Skip to main content

Full text of "Poland Russia and Great Britain 1941-1945"

See other formats

over this question of the numerical strength of the Polish troops came
during the first days of December when Sikorski arrived in Russia via
Africa and Teheran, accompanied by his Chief-of- Staff, General
Klimecki,' and the British Liaison Officer, Major V. Cazalet. On his
arrival, there was an e open * talk between Stalin and Sikorski, who was
anxious to unite all the Polish forces in Persia, 'and to include the Car-
pathian Brigade which had fought in Africa and had been besieged in
Tobruk. It became evident to Sikorski that conditions did not exist in
Russia for the formation of such an army, and he proposed to Stalin that
seven divisions should be formed and transferred to Persia, where they
could be equipped by the British and return to the Russian front in due
course. In addition, he wanted to transfer some 25,000 men to Britain
with a view to augmenting the forces stationed there.
Stalin reacted angrily to both these proposals. " I am an old man,
sixty-two years of age. I know that where an army is formed, there that
army should remain. If Poles don't wish to fight let them say so. If
they want to goólet them go. We can't keep them." Sikorski, offended
by the insinuation that the Poles did not want to fight, denied this allegation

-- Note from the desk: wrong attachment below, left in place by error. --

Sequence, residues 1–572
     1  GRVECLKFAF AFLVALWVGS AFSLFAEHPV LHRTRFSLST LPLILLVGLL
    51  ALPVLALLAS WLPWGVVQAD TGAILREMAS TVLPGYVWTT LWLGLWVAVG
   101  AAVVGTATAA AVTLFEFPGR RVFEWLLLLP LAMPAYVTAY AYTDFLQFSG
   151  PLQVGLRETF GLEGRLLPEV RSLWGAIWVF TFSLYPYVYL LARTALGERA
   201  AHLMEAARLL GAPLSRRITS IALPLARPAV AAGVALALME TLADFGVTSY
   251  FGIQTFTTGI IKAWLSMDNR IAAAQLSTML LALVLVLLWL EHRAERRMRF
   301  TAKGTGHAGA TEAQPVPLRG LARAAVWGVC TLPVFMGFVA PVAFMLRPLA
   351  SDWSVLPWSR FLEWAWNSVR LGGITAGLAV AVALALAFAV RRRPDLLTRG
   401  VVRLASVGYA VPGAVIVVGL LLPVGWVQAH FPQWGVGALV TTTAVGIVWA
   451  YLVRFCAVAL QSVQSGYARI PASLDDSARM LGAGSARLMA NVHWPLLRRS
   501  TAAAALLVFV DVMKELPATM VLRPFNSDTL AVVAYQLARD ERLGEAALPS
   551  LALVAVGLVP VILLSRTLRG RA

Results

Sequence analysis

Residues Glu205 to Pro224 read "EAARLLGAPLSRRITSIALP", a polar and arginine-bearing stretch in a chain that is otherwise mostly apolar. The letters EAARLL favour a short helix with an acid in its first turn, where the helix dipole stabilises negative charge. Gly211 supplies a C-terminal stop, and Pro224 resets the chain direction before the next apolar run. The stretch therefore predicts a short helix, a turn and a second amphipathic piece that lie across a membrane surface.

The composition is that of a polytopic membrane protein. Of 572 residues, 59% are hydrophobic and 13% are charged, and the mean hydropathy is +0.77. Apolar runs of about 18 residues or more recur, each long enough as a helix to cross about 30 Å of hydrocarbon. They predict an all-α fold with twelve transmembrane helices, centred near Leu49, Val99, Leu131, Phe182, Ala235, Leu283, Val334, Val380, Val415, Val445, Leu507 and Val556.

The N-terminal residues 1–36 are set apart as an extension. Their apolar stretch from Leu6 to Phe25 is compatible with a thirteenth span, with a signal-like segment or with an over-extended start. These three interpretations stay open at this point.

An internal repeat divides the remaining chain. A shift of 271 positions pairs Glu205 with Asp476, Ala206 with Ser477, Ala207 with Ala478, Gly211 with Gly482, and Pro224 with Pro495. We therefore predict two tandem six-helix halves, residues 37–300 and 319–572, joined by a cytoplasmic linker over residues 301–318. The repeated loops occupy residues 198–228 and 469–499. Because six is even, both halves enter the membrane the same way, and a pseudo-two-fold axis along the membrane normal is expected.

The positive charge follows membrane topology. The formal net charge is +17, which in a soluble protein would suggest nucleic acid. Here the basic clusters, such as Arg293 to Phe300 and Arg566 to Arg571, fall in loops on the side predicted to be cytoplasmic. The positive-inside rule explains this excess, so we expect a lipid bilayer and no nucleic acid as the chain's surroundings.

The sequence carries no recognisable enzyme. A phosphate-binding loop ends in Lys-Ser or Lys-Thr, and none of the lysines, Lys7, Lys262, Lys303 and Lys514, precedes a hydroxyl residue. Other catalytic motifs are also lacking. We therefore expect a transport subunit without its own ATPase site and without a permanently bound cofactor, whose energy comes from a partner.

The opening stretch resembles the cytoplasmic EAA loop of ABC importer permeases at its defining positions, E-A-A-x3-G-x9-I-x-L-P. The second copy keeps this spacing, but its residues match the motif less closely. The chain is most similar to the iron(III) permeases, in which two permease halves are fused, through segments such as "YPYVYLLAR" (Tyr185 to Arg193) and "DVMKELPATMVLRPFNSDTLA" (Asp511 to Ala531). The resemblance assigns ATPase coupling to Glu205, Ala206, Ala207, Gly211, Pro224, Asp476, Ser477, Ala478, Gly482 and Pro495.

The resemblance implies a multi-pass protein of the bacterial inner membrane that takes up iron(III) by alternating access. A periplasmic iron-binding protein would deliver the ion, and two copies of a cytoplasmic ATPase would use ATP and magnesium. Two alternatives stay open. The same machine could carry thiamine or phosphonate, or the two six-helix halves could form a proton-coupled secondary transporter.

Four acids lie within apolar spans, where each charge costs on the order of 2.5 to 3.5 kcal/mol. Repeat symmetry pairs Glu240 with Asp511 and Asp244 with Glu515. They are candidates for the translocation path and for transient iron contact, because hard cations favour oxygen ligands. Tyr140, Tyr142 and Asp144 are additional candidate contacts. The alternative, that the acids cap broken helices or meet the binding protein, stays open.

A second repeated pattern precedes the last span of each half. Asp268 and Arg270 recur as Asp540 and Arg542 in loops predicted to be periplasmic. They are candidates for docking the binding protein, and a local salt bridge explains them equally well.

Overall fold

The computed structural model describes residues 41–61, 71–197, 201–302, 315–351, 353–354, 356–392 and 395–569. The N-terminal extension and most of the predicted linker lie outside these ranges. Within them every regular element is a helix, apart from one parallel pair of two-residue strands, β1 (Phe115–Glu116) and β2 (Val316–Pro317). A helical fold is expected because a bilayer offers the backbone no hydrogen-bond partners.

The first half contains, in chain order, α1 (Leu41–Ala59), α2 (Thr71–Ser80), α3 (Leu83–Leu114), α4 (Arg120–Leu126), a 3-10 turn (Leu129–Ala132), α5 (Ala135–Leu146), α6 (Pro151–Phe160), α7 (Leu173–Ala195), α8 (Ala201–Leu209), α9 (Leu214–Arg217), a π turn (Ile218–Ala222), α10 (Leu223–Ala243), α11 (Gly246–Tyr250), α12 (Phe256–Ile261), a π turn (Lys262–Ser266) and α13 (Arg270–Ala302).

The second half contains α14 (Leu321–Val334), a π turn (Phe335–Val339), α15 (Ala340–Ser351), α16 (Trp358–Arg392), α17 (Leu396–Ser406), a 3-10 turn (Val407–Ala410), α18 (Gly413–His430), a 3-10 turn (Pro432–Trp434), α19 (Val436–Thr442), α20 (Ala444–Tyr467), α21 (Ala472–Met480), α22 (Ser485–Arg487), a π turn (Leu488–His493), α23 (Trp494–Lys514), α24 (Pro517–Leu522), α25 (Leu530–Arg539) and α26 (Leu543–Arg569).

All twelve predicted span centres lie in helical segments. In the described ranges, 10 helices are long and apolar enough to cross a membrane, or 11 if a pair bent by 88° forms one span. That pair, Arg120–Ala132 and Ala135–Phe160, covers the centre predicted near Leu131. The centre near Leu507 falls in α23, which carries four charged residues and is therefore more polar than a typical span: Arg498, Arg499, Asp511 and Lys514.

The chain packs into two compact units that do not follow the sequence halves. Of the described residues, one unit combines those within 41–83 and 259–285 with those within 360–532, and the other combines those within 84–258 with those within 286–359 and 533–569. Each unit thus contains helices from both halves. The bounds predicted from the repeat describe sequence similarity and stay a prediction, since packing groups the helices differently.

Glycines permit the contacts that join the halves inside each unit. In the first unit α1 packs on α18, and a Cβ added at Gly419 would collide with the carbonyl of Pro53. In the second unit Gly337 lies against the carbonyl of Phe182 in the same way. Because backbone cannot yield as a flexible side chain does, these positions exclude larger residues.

and retorted to Stalin : " Improve the existing conditions which surround
the Poles and they would be able to fight." But Stalin remarked brus-
quely : " The British need the Polish troopsówe can do without you.
We shall re-conquer Poland ourselves and give it back to you."
Sikorski pointed out to Stalin that under the existing circumstances, the
lack of proper food and medicine, with typhus raging, and no equipment,
it was impossible to form even one Army Corps. Stalin acknowledged
that the conditions for his troops were more favourable, but they were
" supplying what they could to the Poles." He had received Churchill's
request regarding the transfer of the Poles to the British Zone, and he
agreed to allow three divisions to go. In the meantime, he said, " orders
would be given to find quarters for the remaining divisions."
The Polish Premier and Commander-in-Chief, made it clear that he
was responsible for urging the British authorities to have the Poles trans-
ferred to Persia, in order that he might obtain equipment for them, but he
was prepared to fight on the Russian front when this had been done.
Stalin seemed to be convinced by Sikorski's sincerity, and feeling he was
perhaps competing with the British for the Polish Army, appeared to
regret his former charge.
Therefore, in December, both Stalin and Sikorski agreed that the
conditions for the formation of a Polish Army in Russia,, on the latter's
supplies alone, were impracticable. The Soviets, however, would e give
what they could,' but the Poles must trek southwards to Turkestan,
nearer to the British supply bases through Persia. The Army was to
consist of six divisions, each containing 11,000 men, with 30,000 reserve,
i.e., 96,000 in all. Furthermore, they agreed that 25,000 men should be
sent to the Middle East as reinforcements for the Polish forces then